Publications from the 'Sheffield Student 2013' project

The 'Sheffield Student 2013' longitudinal tracking project produced tremendous amounts of data, thanks to the continued interest of the students I interviewed as well as the former Widening Participation Research and Evaluation Unit and the University of Sheffield being committed to a total of four years of research into student experiences.  

As for the outputs: see a pilot study working paper, a collaborative paper from the first year results, the first and second year financial reports. Download the Five years of WPREU book here. Download a copy of the final report here. All academic papers produced from this project are listed below. 

Project close report
WPREU Five year book

journal papers from the 'Sheffield Student 2013' project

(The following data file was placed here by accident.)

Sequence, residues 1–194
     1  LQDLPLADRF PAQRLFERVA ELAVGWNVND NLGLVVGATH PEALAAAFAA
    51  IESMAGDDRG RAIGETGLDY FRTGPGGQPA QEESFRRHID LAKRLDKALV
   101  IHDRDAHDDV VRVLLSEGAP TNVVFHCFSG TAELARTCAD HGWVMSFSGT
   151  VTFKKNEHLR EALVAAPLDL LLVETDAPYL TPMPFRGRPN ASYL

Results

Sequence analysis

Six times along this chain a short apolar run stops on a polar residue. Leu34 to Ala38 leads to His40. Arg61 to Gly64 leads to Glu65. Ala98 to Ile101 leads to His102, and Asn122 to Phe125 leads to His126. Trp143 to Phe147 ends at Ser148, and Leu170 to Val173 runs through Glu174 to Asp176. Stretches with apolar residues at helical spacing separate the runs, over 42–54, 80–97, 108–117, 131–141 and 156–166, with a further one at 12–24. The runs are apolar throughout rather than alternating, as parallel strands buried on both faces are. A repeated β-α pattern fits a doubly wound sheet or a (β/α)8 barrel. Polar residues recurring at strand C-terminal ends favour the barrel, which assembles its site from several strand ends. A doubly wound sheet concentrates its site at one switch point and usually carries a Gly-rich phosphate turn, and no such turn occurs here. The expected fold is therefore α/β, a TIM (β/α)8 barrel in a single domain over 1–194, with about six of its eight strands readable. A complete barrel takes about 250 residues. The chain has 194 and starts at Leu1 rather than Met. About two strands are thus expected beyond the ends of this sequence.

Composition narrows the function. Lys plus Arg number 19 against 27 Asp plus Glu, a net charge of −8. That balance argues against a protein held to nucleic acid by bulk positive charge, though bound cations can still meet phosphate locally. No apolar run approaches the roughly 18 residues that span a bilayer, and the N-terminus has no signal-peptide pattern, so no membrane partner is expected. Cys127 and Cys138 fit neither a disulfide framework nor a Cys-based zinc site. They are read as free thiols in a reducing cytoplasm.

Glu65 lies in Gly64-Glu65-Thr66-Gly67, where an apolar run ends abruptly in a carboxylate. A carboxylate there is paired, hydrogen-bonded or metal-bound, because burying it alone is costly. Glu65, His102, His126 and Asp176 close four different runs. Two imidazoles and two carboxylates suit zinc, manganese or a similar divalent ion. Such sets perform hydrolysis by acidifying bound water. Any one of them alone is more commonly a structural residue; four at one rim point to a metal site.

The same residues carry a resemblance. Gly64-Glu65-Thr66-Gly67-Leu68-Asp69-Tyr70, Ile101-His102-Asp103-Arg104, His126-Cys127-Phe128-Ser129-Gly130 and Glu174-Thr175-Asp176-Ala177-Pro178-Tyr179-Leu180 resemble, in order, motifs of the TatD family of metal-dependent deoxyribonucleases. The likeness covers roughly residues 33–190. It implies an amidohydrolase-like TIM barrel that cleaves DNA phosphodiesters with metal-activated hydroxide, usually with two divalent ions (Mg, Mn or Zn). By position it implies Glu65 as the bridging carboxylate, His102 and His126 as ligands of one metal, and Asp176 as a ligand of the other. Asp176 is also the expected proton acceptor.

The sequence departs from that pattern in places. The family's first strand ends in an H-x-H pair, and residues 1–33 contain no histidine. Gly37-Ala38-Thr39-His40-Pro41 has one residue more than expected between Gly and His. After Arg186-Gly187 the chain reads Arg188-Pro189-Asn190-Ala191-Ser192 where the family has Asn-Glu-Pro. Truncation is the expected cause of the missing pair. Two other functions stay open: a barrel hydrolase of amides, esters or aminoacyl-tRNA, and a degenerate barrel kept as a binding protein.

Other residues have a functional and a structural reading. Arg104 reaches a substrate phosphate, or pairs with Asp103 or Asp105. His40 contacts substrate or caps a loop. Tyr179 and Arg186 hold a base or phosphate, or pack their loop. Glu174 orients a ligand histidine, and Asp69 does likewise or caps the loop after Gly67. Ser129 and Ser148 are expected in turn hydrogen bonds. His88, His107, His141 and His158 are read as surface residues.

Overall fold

Drawing on a longitudinal research project that followed the under- graduate entrants of 2013 into, and through their university time, this paper provides a novel conceptualisation of transformative transitions via looking at the four dimensions of non-linearity, multiplicity, diversity and structure. To do so, it builds on Archer’s (2000, 2003, 2012) relational realist approach and work on reflexivity to show how students select and merge a diverse set of personal concerns to arrive at a modus vivendi. This capstone paper closes a series of publications from a four-year tracking study that collected interview data from a diverse group of 40 students on a yearly basis (n1=40, n2=40, n3=38, n4=33) at an English northern red brick university. The paper explores the changing focus of student experiences, from the social aspects of acclimatisation, to learning to be academic, and finally, becoming a graduate. The results presented here also point to the structural enablements and constraints that higher education institutions and policymakers should mitigate in responding to the inequalities of access and experience. In the context of a large-scale societal crisis, such as the ongoing pandemic, it is key that we understand how university can remain a transformative experience for all students.